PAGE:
Moses was the first exegete
The distinction between the first and second generation is ever-present in Otto’s commentaries. The first generation (who experienced the exodus and Sinai) died in the desert and Moses was now confronting the second generation (in the land of Moab) with the Sinai-torah. Moses’ role was now subtlety changed. At Sinai he mediated the law (‘These are the commandments and the ordinances which the Lord commanded by Moses to the people of Israel’—Num 36:13) but on the plains of Moab he explained them (‘Beyond the Jordan, in the land of Moab, Moses undertook to explain this law’—Deut 1:5). This exposition of the Sinai-torah occurred nearly forty years after the exodus from Egypt and the Sinai event (Ex 19ff ) and was delivered in Moab just before Moses’ death. And his addressees were the second desert generation who succeeded the first generation of fugitives from Egypt and the recipients of the Decalogue and the other laws at Sinai (Otto 2012a:304).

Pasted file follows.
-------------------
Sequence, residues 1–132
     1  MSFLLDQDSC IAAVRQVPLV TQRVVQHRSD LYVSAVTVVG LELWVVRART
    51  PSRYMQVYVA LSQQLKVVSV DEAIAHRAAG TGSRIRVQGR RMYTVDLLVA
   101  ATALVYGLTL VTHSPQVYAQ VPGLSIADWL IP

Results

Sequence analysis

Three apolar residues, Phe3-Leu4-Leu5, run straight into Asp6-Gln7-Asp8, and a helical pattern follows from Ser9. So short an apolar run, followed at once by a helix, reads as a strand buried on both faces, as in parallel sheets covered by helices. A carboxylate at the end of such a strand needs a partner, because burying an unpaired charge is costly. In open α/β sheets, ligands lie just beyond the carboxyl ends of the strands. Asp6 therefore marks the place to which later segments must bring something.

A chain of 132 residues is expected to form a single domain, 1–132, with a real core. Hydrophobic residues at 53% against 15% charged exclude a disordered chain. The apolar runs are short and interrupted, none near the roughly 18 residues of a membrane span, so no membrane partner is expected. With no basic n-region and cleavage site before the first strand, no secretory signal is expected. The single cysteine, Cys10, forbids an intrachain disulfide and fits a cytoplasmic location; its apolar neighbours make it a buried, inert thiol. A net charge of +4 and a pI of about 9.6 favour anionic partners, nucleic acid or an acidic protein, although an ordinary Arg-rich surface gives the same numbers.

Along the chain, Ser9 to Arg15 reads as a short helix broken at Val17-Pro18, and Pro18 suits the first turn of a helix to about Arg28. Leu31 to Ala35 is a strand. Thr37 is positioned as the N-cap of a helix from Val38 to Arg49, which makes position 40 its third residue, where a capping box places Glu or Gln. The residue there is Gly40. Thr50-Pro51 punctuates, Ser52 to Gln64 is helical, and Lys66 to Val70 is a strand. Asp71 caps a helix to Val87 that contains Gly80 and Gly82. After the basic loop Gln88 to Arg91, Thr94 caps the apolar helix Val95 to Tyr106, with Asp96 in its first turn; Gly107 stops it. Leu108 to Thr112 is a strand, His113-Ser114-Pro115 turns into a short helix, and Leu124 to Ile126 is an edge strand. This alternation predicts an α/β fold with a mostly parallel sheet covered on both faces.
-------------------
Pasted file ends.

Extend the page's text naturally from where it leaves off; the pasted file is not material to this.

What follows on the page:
Moses thus was the first exegete explaining the laws that were received at Sinai (Ex 20:24-23:12) and thereby starting a process of interpretation reaching to our times. Otto was keenly aware that he was part of this long history of interpretation and therefore attempted to describe this history starting with De Wette.
A long road
In a very long section of nearly 170 pages Otto described the history of research from Wilhelm Martin Leberecht De Wette to Dominik Markl’s 2011 study of the people of God in Deuteronomy. This history is a unique feature, which makes these commentaries even more indispensable. According to Hans–Georg Gadamer all these interpretations of the past must not be regarded as meaningless or irrelevant. It can help us to understand and to discover forgotten aspects of the interpretation of the Pentateuch and Deuteronomy. A text cannot be understood on its own, and detached from previous interpretations it’s meaning cannot be comprehended. The Pentateuch’s/Deuteronomy’s long research history must therefore be appropriated and integrated in our understanding of Deuteronomy. Otto has brilliantly succeeded in showing how the many authors on Deuteronomy have shaped and formed his understanding of Deuteronomy.